Wonder of the Day: Dominoes

We’ve all seen that marvelous scene in movies where, after someone nudges the first domino just so, the rest fall in a magnificent cascade of rhythmic motion. And we probably all know that the word “domino” refers to any kind of action that causes a chain reaction like this. Today’s Wonder of the Day explores how the concept of a domino effect can be applied to writing.

Dominoes are small rectangular blocks used in games that involve a sequence of actions where the final result depends on the starting point. Each domino is marked on one side with an arrangement of spots that resembles the dots on dice. The other side is blank or identically patterned. The number of dots on a domino corresponds to its value, which in turn determines the order in which it must be played. A domino may be called a bone, a card, a piece or a tile, but the name that is most often associated with the game is a set of dominoes. A set normally contains 28 dominoes, although larger sets are sometimes available.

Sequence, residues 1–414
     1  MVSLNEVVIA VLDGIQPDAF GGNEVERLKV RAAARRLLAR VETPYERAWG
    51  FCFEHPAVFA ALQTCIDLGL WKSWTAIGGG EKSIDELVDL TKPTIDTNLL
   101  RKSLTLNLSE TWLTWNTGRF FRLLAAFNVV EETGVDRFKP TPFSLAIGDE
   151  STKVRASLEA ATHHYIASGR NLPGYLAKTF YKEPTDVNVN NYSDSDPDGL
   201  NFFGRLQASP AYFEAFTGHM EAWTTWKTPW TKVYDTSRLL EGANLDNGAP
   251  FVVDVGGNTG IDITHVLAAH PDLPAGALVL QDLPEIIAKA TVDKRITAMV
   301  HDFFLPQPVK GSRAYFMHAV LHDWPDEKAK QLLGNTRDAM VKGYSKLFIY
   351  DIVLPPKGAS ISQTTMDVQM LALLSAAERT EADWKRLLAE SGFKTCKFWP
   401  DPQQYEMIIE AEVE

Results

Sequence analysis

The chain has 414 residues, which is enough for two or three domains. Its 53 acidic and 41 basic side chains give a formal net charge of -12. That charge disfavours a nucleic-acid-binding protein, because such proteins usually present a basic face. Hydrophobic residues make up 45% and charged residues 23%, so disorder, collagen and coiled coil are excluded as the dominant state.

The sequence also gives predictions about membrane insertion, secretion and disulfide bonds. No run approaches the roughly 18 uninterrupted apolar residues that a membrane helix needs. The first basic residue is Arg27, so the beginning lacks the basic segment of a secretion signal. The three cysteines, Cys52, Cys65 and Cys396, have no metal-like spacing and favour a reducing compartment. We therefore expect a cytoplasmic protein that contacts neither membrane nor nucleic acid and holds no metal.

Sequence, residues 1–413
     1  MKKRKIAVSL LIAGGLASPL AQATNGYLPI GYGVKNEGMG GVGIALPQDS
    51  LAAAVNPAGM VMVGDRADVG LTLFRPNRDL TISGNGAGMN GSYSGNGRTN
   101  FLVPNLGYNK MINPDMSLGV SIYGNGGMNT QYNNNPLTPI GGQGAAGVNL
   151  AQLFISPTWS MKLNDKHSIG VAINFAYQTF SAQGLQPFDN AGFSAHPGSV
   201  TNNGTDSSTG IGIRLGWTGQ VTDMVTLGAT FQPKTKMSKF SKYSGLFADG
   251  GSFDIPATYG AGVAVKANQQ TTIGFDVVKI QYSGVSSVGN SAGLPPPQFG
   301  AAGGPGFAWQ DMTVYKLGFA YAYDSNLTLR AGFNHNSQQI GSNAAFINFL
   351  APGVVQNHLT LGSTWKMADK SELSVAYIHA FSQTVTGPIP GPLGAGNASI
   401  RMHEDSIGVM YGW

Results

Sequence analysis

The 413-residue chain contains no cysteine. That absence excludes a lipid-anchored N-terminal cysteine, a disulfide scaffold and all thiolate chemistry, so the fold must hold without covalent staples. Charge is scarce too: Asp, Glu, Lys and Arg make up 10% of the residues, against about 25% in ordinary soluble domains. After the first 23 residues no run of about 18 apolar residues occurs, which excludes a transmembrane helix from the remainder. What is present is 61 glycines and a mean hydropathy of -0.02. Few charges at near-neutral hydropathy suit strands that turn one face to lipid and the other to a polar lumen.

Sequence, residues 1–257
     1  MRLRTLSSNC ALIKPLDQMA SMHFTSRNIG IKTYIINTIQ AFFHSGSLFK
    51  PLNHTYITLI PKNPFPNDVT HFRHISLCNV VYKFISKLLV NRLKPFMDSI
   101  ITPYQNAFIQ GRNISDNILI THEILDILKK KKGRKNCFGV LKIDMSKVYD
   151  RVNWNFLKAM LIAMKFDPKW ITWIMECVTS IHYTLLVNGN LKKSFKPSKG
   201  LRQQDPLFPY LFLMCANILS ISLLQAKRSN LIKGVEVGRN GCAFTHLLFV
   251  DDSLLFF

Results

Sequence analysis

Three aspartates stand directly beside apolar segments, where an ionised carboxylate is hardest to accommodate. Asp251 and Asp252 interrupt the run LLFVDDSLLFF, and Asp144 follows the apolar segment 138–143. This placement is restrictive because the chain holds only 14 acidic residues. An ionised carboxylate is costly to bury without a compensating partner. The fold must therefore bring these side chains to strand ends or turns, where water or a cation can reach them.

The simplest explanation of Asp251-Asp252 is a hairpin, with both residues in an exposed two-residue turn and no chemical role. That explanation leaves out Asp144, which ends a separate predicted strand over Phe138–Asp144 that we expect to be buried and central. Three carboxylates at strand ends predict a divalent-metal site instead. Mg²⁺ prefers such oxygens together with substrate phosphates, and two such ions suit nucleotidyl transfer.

Unlike playing cards, which have uniform values, dominoes have a variety of different value systems. The value of a domino is determined by the number of dots it has on its ends, which are usually divided visually into squares by a line or ridge and marked with an arrangement of spots or pips. The value of a domino is either 0 or 1. A double domino has two matching ends, while a single end has only one. Those ends that have matching numbers of pips form a suit, which consists of two suits in most games.

In addition to the standardized plastic sets, dominoes are also produced in wood, stone (including marble and granite), metal, ceramic clay or other materials. Natural materials tend to have a heavier feel and are more expensive than polymer sets. Traditionally, European-style dominoes were made of bone, silver lip ocean pearl oyster shell (mother of pearl) or ivory, with a darker material such as ebony on the bottom half for contrast. Many modern sets use MOP, ivory or other white materials on top with a black inlaid material on the lower portion.

Most domino games involve scoring points by completing a series of dominoes in a player’s hand or on the table. Others involve blocking opponents’ plays. Still other games are designed to teach children number recognition and math skills. Some games, such as bergen and muggins, allow players to place tiles that have not yet been matched to other dominoes.